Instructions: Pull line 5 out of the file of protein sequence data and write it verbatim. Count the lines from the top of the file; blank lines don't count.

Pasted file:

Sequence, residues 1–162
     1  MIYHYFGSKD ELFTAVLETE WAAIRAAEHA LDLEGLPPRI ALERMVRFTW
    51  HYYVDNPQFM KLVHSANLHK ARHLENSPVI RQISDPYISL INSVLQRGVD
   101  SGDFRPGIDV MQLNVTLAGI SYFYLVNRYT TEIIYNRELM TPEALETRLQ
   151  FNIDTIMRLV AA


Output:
   151  FNIDTIMRLV AA